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How to Help Your Client Tackle Allergy Season

If your client is finding themselves sneezing and blowing their nose nonstop lately, they’re not alone. Nearly 8% of Americans suffer from seasonal allergies. Allergies happen as your body mounts an immune response to a foreign substance. In the case of seasonal allergies, that substance is usually pollen from plants and trees. Symptoms of seasonal allergies often include sneezing, a runny or stuffy nose, scratchy throat, and itchy or watery eyes. Luckily, there’s things your client can do to reduce symptoms of seasonal allergies. Here are a few tips.

Man of African-American Ethnicity is Rubbing his Eyes Due to Problems with Sight in the Public Park.

Reduce Your Exposure to Allergens

Allergens are the substances (such as pollen) that cause symptoms of seasonal allergies. If your client suffers from seasonal allergies, they’ll want to reduce their exposure to pollen as much as possible. For instance, if they want to go outside, the best time to do so is after a good rain, when most of the pollen has washed away. Try to avoid the outdoors if it is a dry, windy day and pollen is blowing around. At night and other times when pollen counts are high, make sure the windows in their home are closed. 

Eliminate Allergens in the Home

To further reduce exposure to allergens, it can help to keep indoor air clean. You can do this by using air conditioning in the home and car. It can help to use high-efficiency filters in the air conditioning unit. You can also keep indoor air dry by using a dehumidifier. High-efficiency particulate air (HEPA) filters can also be useful in places such as the bedroom. And when you or your client is vacuuming, try to use a vacuum cleaner that has a HEPA filter to further remove any pollen accumulation.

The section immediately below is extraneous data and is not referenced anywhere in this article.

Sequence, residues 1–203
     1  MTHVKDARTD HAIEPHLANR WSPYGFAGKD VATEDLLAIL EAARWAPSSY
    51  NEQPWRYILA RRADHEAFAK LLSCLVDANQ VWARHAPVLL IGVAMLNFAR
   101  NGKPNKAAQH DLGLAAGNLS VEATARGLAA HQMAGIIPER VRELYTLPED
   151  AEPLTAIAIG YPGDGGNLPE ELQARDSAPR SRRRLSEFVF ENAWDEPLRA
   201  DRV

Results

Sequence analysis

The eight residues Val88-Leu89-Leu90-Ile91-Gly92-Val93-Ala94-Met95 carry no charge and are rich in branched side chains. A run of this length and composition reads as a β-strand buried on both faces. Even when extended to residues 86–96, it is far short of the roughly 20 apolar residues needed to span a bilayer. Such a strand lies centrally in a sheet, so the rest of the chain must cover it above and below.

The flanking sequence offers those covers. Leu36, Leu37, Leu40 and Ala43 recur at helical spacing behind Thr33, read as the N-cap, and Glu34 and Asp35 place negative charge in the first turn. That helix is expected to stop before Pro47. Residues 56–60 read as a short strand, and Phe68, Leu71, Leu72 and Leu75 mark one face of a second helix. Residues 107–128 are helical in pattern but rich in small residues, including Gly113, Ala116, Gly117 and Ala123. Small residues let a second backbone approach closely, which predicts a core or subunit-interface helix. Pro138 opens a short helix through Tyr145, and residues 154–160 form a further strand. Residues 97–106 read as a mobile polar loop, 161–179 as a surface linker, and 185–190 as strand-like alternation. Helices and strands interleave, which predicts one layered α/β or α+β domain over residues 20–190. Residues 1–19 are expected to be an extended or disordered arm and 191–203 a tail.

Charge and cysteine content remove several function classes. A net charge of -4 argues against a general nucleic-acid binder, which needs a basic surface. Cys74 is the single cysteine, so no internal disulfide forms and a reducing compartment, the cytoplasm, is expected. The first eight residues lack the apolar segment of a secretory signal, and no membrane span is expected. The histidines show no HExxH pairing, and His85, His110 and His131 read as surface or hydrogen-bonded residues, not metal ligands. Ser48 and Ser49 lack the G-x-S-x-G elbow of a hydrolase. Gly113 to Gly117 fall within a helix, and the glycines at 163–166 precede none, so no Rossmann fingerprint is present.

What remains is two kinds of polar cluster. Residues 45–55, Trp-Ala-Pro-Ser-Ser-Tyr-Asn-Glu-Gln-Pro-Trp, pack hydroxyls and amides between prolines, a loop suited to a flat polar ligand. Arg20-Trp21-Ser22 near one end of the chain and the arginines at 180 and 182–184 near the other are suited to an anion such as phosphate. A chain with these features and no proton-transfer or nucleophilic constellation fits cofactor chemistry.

Try Over-the-Counter Remedies

Sometimes, exposure to allergens is unavoidable and that’s when over-the-counter medication can help. Many nonprescription medications are available to help manage symptoms of seasonal allergies. Talk to your client’s doctor about which over-the-counter medications may be right for them. If pollen counts are predicted to be high or if you know you’ll both be spending a lot of time outdoors, try to have them take their allergy medicine early before their symptoms start.

Try a Sinus Rinse

Another way to relieve allergy symptoms such as nasal congestion and itching is to rinse the nasal passages with a saline solution. These are typically available in pharmacies in the form of a squeeze bottle or neti pot. Rinsing flushes out mucus and allergens that have accumulated in the nose. Be sure to use distilled water that’s been filtered to make up the saline irrigation solution. When your client is finished, rinse the irrigation device with distilled or previously boiled water and leave it open to air-dry. 

If you’ve tried different techniques to help manage your client’s allergy symptoms but find they are still unrelenting, sometimes it’s worth a trip to their primary care doctor’s office. They may prescribe them with stronger allergy medicine or recommend other methods to try to control their allergies. Luckily, seasonal allergies only last a short time and give your client another reason to look forward to summer. 

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